If you’re dealing with chronic heel pain, one likely culprit is plantar fasciitis. It’s a common foot injury that can cause a stabbing pain in the bottom of your foot near the heel. It sometimes resolves on its own, but there are a few simple home treatments that also can help.
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The plantar fascia is a band of deep tissue that runs from your heel bone to your toes. Plantar fasciitis is a deformation or a tear of that tissue. It causes irritation, inflammation, and, eventually, pain.
Sports chiropractor Thomas Torzok, DC, says the problem typically develops over time. It also can take some time to heal — anywhere from months to a year, he says.
“The plantar fascia is not a tissue with great blood supply or high metabolic activity,” he notes. “It probably takes years for plantar fasciitis to form to the point where you start to notice it. And, as a result, it takes some time for it to heal. Once it’s irritated, it’s pretty stubborn.”
Despite this, he says there are some simple things you can do at home to combat the problem. But first, you need to understand why it’s happening.
What to know about plantar fasciitis
Plantar fasciitis is often an overuse injury, typically from sports-related activities that involve running or jumping. “It also may trace back to abnormal foot mechanics or poor footwear choices,” Dr. Torzok explains.
“Usually, you’ll feel pain upon initial weight-bearing in the bottom of your foot,” he says. “Sometimes that will occur first thing in the morning when you wake up.”
Other factors that can increase your risk of developing plantar fasciitis include:
- Age: It’s more common between the ages of 30 and 60.
- Obesity: Additional weight can put undue stress on the plantar fascia.
- Prolonged standing: Standing on hard surfaces for several hours or longer can damage the tissue.
Home remedies for plantar fasciitis
Simple home treatments can often resolve plantar fasciitis, especially if you catch it early. But it may take longer to heal if it has worsened over time.
“Plantar fasciitis may go away after you stretch your foot out and walk around for a while,” Dr. Torzok says. “But for some people, prolonged standing or sitting may aggravate it again. It’s bearing the entire amount of your body weight, and that can lead to delayed recovery.”
Try these tips for relief:
- Rest and stretch. If overuse is the likely cause of your pain, rest is one key to recovery. And, it’s a good idea to couple that with daily stretching exercises. Foot exercises allow you to keep the plantar fascia from pulling and tightening up, so it’s better able to bear your weight when you get moving again.
- Wear proper footwear. Make sure you get a good fit and avoid flat shoes that lack support. “Find proper shoes to match your actual foot and biomechanics,” Dr. Torzok says. “Arch supports might help some people.” He also advises people not to walk barefoot around the house. “This can stress the tissue in the bottom of the foot even more. Instead, wear running shoes or sneakers — something with natural arch support — so they don’t deform that tissue and chronically stretch and irritate it,” he says.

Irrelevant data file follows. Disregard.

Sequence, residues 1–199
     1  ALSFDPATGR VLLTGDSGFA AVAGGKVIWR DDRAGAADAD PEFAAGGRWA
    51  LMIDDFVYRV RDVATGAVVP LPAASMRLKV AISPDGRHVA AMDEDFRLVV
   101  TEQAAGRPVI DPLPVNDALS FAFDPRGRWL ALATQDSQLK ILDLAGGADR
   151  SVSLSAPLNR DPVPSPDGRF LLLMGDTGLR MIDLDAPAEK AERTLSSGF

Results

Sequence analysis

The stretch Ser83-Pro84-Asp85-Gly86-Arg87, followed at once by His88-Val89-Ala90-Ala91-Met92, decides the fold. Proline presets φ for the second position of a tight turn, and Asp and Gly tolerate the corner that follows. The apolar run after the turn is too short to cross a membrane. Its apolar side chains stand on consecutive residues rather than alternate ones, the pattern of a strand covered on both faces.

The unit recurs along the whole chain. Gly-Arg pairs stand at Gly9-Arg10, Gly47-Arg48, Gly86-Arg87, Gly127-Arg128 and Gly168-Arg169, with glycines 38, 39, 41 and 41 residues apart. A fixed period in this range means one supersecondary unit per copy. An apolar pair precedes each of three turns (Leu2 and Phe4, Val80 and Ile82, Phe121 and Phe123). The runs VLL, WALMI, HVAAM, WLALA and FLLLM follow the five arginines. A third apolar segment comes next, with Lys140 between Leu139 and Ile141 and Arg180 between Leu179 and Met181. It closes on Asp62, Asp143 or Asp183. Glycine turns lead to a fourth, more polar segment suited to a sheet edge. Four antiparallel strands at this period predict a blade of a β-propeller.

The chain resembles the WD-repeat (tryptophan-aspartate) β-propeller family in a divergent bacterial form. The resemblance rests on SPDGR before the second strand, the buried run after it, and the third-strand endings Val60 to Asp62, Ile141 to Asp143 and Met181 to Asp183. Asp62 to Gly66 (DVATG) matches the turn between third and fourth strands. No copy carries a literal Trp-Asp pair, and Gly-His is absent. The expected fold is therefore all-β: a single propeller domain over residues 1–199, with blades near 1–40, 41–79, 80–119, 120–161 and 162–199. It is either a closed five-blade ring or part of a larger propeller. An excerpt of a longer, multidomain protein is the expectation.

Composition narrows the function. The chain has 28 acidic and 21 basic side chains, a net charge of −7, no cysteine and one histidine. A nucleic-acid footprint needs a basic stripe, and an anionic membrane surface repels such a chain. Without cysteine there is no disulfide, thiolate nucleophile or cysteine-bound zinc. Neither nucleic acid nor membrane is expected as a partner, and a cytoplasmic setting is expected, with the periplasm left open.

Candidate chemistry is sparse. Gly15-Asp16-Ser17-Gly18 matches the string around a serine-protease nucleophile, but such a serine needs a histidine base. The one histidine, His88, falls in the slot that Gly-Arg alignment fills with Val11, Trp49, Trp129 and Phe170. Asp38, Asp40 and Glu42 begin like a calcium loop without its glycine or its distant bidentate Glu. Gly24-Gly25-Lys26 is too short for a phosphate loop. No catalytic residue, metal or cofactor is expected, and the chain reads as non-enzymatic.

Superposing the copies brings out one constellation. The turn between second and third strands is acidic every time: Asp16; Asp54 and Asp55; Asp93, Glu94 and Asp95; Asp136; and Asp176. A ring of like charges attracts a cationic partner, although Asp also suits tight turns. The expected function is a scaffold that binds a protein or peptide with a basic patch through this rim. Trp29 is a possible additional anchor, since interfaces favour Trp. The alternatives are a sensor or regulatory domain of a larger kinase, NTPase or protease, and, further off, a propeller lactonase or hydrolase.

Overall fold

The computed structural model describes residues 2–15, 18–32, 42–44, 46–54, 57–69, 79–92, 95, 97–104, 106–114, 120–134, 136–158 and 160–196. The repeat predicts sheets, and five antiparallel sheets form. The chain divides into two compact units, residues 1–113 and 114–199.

- Ice your feet. Roll your foot over a frozen water bottle for 5 minutes, or hold an ice pack over the bottom of your foot for 15 minutes, three times a day. Also use the ice treatment after any strenuous activity or extended periods of standing or sitting, Dr. Torzok says.
- Wear a splint. For more severe cases, a night splint can brace your foot and ankle in the proper position as you sleep. “Night splints will help stretch the plantar fascia and alleviate the pain,” he says.
What not to do with plantar fasciitis
The pain and discomfort that comes with plantar fasciitis can be so frustrating that you’d probably try anything to get rid of it, but Dr. Torzok wants you to know that certain remedies will only exacerbate the problem.
If you have heel pain, do not:
- Exercise your feet. You may think that running or jumping will stretch out the problem, but high impact in the feet will only make it worse. In fact, try to avoid all running, hiking and high-intensity cardio.
- Stand for long periods of time. Make modifications if you have a job that requires you to stand for hours at a time, as this only adds more pressure to plantar fasciitis.
- Wait for treatment. You may think that with a few days’ rest, you’ll be back on your feet. But the truth is, your heel pain may only subside with help from a doctor. Don’t tough it out. Get to the bottom of what’s causing your plantar fasciitis so that you can treat it properly.
If the pain continues, talk to your doctor
If home treatment isn’t working, get help, Dr. Torzok says. Your doctor can make sure the pain you’re feeling is from plantar fasciitis — and further advise you if it isn’t.
“That’s the tricky thing because other factors can cause pain in the bottom of your feet,” he says. “So if you’re still in pain after working on relieving it for a few days, call your doctor.”